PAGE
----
Mayfly nymphs are an important component of many freshwater ecosystems. Grazing by mayflies is important in preventing the build-up of a large biomass of aquatic algae and detritus, and in nutrient cycling. Because mayflies can be quite abundant in many habitats, they are an important food for many species of predators.

Mayfly species are rather particular in their choice of habitat, and in their tolerance of environmental conditions, such as the temperature and chemistry of water. Because of their specific habitat requirements, mayfly species are often studied by aquatic ecologists as indicators of water quality, for example, in studies of pollution . A famous study involving mayflies was conducted in Lake Erie during the 1950s and early 1960s. Lake Erie was badly polluted at that time, especially by organic debris associated with sewage and algal growths, the decomposition of which consumed most of the oxygen in the waters of deeper parts of the lake. The development of anoxic conditions resulted in mass die-offs of nymphs of the mayflies Hexagenia rigida and H. limbata, which were previously extremely abundant. The virtual collapse of the populations of mayflies in Lake Erie was widely reported in the popular press, which interpreted the phenomenon as an indication that the great lake was "dead," and had been rendered as such by pollution caused by humans. Today, the waters of Lake Erie are much cleaner, and its populations of mayflies have recovered somewhat.

Both nymphal and adult mayflies are a very important food for economically important sportfish, such as trout and salmon . Many sport fishers are highly skilled at tying mayfly "flies" as lures for use in fishing. The more realistically the lure portrays the species of mayfly that the trout or salmon are interested in feeding upon in a particular stream at a particular time, the greater is the fisher's success in catching fish .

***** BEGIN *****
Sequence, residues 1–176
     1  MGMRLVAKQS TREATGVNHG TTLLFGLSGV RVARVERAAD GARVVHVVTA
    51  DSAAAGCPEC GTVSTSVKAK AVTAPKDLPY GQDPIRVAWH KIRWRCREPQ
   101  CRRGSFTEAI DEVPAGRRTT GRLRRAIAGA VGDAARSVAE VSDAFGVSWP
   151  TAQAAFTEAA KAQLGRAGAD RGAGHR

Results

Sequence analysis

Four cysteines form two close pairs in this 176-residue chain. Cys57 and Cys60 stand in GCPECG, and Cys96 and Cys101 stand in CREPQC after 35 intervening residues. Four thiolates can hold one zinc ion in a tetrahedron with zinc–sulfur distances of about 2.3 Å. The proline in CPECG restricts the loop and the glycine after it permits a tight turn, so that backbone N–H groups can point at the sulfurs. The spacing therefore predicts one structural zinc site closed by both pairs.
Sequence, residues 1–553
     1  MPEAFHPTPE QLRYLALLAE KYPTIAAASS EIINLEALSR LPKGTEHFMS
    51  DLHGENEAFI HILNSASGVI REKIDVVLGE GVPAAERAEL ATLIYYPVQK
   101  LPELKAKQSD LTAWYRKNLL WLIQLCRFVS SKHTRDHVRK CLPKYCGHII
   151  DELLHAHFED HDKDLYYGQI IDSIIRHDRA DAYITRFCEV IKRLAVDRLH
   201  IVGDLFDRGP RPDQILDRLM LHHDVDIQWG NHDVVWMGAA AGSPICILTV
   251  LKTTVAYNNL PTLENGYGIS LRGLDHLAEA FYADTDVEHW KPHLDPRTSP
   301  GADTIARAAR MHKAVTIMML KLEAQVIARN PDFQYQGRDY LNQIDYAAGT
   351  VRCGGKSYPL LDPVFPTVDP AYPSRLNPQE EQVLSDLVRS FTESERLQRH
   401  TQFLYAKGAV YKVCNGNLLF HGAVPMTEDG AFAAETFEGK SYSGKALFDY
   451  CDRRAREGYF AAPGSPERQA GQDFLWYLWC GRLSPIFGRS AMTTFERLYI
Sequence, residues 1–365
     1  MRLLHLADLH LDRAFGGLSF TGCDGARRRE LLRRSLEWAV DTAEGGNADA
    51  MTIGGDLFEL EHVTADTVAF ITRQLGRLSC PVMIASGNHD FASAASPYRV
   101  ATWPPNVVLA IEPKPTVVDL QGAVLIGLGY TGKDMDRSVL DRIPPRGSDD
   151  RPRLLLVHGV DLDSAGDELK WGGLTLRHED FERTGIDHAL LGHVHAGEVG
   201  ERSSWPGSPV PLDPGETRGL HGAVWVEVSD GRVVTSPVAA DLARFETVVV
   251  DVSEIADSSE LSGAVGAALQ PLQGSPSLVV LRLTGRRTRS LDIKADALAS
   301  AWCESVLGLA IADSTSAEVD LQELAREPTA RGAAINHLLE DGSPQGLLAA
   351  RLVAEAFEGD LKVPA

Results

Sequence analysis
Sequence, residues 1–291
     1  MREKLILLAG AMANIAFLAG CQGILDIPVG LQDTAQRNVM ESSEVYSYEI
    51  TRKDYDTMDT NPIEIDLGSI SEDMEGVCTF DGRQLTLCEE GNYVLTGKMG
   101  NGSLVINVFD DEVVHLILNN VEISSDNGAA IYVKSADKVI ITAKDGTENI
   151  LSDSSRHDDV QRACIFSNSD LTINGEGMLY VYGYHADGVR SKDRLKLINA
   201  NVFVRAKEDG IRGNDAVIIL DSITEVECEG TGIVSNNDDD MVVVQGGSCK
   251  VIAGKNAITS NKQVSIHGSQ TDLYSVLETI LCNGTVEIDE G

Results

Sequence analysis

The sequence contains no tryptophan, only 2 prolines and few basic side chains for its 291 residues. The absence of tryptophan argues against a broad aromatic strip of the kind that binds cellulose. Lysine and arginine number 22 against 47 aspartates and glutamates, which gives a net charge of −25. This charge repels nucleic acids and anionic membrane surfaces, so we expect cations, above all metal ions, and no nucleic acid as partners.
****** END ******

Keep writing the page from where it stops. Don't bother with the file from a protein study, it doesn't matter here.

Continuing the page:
See also Indicator species; Stoneflies.


Resources

books

Arnett, Ross H. American Insects. New York: CRC Publishing, 2000.

Borror, D. J., C. J. Triplehorn, and N. Johnson. An Introduction to the Study of Insects. New York: Saunders, 1989.

Campbell, I. C., ed. Mayflies and Stoneflies: Life Histories andBiology. New York: Kluwer, 1990.

Carde, Ring, and Vincent H. Resh, eds. Encyclopedia of Insects. San Diego, CA: Academic Press, 2003.

Freedman, B. Environmental Ecology. 2nd ed. San Diego: Academic Press, 1995.

Peckarsky, B. L., et al. Freshwater Macroinvertebrates ofNortheastern North America. Ithaca: Cornell University Press, 1990.


Bill Freedman

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"Mayflies." The Gale Encyclopedia of Science. . Encyclopedia.com. 25 Sep. 2018 <http://www.encyclopedia.com>.

"Mayflies." The Gale Encyclopedia of Science. . Encyclopedia.com. (September 25, 2018). http://www.encyclopedia.com/science/encyclopedias-almanacs-transcripts-and-maps/mayflies

"Mayflies." The Gale Encyclopedia of Science. . Retrieved September 25, 2018 from Encyclopedia.com: http://www.encyclopedia.com/science/encyclopedias-almanacs-transcripts-and-maps/mayflies

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Because each style has its own formatting nuances that evolve over time and not all information is available for every reference entry or article, Encyclopedia.com cannot guarantee each citation it generates. Therefore, it’s best to use Encyclopedia.com citations as a starting point before checking the style against your school or publication’s requirements and the most-recent information available at these sites: